What? Linux is case sensitive, everybody knows that. right? Well
get ready to be proven wrong with a purely semantic argument.
A common mistake for anyone recently converted from Windows to Linux
is trying to navigate to a file or folder via the command line, but
typing it in the incorrect case, either capitalizing the first letter,
of failing to capitalize the first letter, or typing the name in (God
forbid) camel case, then wondering why it isn't working. Upon seeking
assistance from a seasoned Linux user such as yourself (probably),
they are often given the simple answer, "Linux is case sensitive".
While this is usually mostly true in the given scenario, it is not
the whole truth.
The fact is that Linux is neither case sensitive, not case insensitive.
The scenario that most people refer to when demonstrating case
sensitivity is command line navigation. This is not the whole of Linux,
however, even in reference to command line navigation it is not
Most Linux distributions boot off of ext2, ext3, or
ext4 filesystems. This is where case sensitivity comes in, it's a part
of the filesystem, not the kernel. Linux can be booted off a case
insensitive file system such as fat32 or ntfs (why would you do this
though?) and it would run just fine and would no longer be case
sensitive. You could even mount a case insensitive device and navigate
to it, all the files in that device can be referenced with any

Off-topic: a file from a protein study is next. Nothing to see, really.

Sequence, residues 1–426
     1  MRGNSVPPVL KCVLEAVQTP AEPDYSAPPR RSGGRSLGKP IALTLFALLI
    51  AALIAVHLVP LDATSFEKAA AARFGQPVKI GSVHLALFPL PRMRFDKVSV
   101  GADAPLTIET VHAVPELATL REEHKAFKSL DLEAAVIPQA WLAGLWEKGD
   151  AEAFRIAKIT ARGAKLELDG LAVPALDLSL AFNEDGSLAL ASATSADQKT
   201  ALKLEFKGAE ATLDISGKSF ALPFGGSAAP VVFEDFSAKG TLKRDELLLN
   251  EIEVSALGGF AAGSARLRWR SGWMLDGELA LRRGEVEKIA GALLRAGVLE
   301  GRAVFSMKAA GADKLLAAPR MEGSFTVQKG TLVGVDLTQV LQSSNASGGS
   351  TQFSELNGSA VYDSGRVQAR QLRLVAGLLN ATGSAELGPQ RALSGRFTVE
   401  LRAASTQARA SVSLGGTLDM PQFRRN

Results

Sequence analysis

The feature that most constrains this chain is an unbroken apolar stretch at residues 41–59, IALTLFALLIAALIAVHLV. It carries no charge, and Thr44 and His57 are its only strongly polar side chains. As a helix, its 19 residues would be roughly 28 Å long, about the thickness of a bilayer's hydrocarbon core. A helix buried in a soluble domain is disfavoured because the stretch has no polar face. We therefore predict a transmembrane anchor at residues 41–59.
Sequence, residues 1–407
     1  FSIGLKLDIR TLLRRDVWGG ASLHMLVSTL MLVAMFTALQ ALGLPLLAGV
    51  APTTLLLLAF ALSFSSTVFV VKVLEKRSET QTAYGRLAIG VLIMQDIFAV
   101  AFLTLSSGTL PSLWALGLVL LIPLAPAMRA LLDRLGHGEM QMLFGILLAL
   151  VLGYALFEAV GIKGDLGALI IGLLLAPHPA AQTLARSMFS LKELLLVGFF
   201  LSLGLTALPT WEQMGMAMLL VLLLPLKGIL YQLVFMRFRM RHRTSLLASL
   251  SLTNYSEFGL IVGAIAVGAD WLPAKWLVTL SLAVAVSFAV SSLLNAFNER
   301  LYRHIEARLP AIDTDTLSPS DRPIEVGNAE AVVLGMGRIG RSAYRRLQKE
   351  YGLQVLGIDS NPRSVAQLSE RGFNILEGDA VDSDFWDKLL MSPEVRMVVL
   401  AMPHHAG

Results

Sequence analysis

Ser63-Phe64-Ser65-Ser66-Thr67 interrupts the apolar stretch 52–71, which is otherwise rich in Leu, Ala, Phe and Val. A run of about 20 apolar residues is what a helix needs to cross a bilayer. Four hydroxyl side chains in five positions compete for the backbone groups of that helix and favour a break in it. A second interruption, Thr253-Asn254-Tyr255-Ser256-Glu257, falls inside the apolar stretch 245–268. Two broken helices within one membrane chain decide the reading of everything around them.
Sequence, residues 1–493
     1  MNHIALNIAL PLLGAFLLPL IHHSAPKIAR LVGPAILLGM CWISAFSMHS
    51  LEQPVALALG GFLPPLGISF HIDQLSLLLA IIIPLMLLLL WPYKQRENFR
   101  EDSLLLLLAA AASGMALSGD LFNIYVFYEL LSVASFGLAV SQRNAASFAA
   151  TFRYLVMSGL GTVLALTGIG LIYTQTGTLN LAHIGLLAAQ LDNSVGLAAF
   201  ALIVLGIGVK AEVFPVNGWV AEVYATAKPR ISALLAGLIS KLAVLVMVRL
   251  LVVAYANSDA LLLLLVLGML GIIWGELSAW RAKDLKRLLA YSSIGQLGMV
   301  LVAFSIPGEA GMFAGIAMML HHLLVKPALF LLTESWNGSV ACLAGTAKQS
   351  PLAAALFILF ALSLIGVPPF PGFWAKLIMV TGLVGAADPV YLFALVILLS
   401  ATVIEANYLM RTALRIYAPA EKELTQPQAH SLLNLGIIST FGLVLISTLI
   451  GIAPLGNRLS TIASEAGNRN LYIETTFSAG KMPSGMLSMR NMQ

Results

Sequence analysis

capitalization you like and Linux will have no problem with it. You
will probably notice one issue though, tab completion. Both bash and
ash will refuse to tab-complete file names that do not match in
capitalization, but once again, this is not Linux's fault, its the
fault of a program running on top of Linux. Additionally, if you could
manage to get Windows to boot off of ext3, it would be case sensitive
just like Linux, except it would probably just go to a blue screen
because that's what Windows does when you want to do something new,
or something unsanctioned, but since there aren't even drivers for ext3
on Windows, and since you will probably never touch Windows again, you
won't be having this problem.
In what other scenarios do we encounter case sensitivity? I don't know,
programming? Well, that depends on the language, not the kernel. C is
case sensitive while HTML is not.
The best argument for case sensitivity in Linux would be that some
programs' source code cannot be stored or compiled on a case insensitive
file system because it contains files that differ only in
capitalization (this seems particularly prevailant in C++ software),
but guess what? The Linux kernel isn't one of them, and it can be
stored and compiled on a case insensitive file system with no problem.
Therefore, I rest my case, Linux is not case sensitive. That's all for